TOLEDO, OH (WTOL) - A town hall was held to educate the public on how to prevent invasive species from being introduced into the Great Lakes.
Dr. Andrew Solocha is a professor of Finance at The University of Toledo. His role in the project is to primarily focus on how to keep this from happening in the marketplace.
"What we have in the bait shops right now is, consumers really don't know what they're buying. They think they know what they're buying, and people that operate the bait shops really don't know what they're selling," Solocha said.
Part of the problem is, a lot of the fish being used for bait look alike, especially when they're small. The fisherman are the most important to educate, because they buy the bait and put it into our waters.
This project is being led by Dr. Carol Stepien. Stepien is a UT Distinguished University Professor of Ecology and research division leader at the National Oceanic and Atmospheric Administration (NOAA) Pacific Marine Environmental Laboratory.
"People tend to release their bait if they're not using it, and they think that's a good thing, to like repopulate populations, etc., but, then you may be releasing something that's not native to that ecosystem," She explained.
With new technology, water can be tested to find out what kind of fish have lived there.
Over the past two years, researchers sampled water from bait tanks in 51 bait stores around Lake Erie. They found that 43 percent of the shops sold misidentified species.
"A lot of people don't know this: the common carp, that you can catch fishing anywhere in the Great Lakes or any tributary is actually an invasive species. It's native to Eurasia or Europe and Asia, it's not normally found in the United States. It's been here so long, since the 1800s that we think it's a native species, but it certainly has disrupted many local habitats," Jay Hemdal, General Curator at The Toledo Zoo, and pet trade expert said.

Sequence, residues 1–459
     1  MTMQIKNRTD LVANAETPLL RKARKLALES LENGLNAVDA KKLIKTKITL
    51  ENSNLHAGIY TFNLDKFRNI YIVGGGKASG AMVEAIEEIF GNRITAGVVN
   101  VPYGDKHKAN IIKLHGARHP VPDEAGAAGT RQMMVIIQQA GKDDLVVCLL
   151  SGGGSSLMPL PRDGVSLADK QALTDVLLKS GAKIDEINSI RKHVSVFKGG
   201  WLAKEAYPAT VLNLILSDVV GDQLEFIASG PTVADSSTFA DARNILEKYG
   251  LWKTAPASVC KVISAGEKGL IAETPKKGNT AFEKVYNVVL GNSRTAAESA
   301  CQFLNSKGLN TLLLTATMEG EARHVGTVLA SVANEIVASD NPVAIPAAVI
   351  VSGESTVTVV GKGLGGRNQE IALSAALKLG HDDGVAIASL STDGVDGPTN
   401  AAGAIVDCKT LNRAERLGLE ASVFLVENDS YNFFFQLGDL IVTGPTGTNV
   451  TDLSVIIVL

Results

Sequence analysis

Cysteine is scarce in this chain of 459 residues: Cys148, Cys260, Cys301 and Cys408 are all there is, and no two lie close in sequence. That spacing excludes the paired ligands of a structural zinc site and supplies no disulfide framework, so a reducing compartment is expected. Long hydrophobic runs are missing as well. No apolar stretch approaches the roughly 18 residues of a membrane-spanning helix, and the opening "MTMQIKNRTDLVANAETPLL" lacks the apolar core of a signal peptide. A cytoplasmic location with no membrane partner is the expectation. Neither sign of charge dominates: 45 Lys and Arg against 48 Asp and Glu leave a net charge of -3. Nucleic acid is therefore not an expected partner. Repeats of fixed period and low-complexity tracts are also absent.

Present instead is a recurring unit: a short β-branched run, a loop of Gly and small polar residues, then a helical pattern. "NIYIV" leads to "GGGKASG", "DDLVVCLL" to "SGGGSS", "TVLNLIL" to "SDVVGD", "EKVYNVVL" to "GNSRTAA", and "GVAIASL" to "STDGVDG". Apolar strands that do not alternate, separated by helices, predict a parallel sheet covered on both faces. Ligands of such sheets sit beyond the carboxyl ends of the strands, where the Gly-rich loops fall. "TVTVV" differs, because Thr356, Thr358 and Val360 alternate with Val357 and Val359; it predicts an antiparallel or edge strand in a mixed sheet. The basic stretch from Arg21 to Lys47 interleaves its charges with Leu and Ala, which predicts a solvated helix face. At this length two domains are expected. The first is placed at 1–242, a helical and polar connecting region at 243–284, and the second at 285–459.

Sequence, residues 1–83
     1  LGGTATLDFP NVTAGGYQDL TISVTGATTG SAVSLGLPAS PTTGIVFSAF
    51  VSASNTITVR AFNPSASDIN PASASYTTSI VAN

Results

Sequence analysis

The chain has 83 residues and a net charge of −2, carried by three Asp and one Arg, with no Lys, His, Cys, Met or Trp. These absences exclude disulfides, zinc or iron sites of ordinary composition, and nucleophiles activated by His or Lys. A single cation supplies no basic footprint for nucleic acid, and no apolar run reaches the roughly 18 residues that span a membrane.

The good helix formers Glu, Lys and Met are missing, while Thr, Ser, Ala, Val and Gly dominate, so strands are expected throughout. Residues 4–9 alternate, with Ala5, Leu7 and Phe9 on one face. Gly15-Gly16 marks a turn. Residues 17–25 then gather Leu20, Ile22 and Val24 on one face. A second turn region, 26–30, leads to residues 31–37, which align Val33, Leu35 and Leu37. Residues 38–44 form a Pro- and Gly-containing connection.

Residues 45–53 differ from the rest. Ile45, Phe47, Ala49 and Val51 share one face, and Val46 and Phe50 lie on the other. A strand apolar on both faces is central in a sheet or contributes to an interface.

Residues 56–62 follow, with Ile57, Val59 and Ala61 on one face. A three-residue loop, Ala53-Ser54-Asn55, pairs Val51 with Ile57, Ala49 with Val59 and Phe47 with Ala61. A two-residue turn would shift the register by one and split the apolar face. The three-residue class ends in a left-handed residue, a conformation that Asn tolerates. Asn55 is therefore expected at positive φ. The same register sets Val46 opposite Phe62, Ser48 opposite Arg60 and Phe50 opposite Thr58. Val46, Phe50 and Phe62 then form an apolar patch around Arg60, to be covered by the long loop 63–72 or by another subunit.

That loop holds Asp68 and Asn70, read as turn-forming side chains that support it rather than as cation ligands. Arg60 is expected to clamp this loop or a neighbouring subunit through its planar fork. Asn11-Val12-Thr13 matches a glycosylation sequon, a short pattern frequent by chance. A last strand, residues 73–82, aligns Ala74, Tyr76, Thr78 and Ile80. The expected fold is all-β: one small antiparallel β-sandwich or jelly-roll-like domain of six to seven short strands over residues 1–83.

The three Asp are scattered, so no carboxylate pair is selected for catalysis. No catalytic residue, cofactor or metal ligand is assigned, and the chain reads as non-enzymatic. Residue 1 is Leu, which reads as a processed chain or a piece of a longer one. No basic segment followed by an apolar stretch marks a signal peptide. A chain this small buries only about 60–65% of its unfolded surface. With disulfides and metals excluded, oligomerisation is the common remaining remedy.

If that's been the case for so long, why should people worry?
"If you go to the Ohio River by Cincinnati and you show them the carp jumping out of the river into their boats and smacking the fisherman in the head, that's a pretty good sign that we don't want that same thing happening in the Great Lakes," Solocha warns.
So what can you do to prevent further introduction of invasive species?
"Never release any live animal to the wild. It's not in the best interest of the individual animal, and it's certainly not good for the ecosystem." Hemdal advised.
In 2016, the U.S. Environmental Protection Agency awarded UT researchers a nearly $500,000 gr ant through the Great Lakes Restoration Initiative for a three-year project to prevent invasive species from entering the Great Lakes through bait shops and pond stores.
Through this initiative, the team is also training students to help with a planned, voluntary "Invasive Free" certification program for retailers.